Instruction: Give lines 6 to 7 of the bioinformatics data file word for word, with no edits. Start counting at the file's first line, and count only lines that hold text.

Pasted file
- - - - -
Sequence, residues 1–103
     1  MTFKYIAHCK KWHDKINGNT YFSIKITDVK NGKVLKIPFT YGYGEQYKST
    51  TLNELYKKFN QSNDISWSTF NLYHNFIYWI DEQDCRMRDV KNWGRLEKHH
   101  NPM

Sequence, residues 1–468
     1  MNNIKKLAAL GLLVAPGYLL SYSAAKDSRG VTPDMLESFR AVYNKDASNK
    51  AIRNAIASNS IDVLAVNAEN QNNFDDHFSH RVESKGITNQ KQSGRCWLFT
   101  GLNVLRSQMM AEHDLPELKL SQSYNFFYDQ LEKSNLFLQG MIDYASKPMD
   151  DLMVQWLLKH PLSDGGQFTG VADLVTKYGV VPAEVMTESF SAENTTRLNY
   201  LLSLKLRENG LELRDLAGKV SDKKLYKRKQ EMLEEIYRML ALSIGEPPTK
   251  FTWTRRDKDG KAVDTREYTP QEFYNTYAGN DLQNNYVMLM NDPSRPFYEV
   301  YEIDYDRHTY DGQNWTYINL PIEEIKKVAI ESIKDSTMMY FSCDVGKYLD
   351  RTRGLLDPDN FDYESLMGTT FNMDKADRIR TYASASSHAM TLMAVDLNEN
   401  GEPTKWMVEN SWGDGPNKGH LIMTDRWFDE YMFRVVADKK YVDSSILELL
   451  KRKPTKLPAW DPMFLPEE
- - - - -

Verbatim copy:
     1  MNNIKKLAAL GLLVAPGYLL SYSAAKDSRG VTPDMLESFR AVYNKDASNK
    51  AIRNAIASNS IDVLAVNAEN QNNFDDHFSH RVESKGITNQ KQSGRCWLFT